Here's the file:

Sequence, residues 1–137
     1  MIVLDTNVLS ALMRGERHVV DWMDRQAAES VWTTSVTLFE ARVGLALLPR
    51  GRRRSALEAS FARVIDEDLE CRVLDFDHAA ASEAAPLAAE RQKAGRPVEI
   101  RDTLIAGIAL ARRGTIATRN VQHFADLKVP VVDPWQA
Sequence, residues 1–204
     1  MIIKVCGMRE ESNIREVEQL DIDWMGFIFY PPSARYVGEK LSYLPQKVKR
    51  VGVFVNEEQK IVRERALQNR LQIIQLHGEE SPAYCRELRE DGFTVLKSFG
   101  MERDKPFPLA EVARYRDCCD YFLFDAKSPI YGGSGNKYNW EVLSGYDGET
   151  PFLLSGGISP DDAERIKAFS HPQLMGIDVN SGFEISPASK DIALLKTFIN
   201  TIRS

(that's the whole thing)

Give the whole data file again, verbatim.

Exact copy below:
Sequence, residues 1–137
     1  MIVLDTNVLS ALMRGERHVV DWMDRQAAES VWTTSVTLFE ARVGLALLPR
    51  GRRRSALEAS FARVIDEDLE CRVLDFDHAA ASEAAPLAAE RQKAGRPVEI
   101  RDTLIAGIAL ARRGTIATRN VQHFADLKVP VVDPWQA
Sequence, residues 1–204
     1  MIIKVCGMRE ESNIREVEQL DIDWMGFIFY PPSARYVGEK LSYLPQKVKR
    51  VGVFVNEEQK IVRERALQNR LQIIQLHGEE SPAYCRELRE DGFTVLKSFG
   101  MERDKPFPLA EVARYRDCCD YFLFDAKSPI YGGSGNKYNW EVLSGYDGET
   151  PFLLSGGISP DDAERIKAFS HPQLMGIDVN SGFEISPASK DIALLKTFIN
   201  TIRS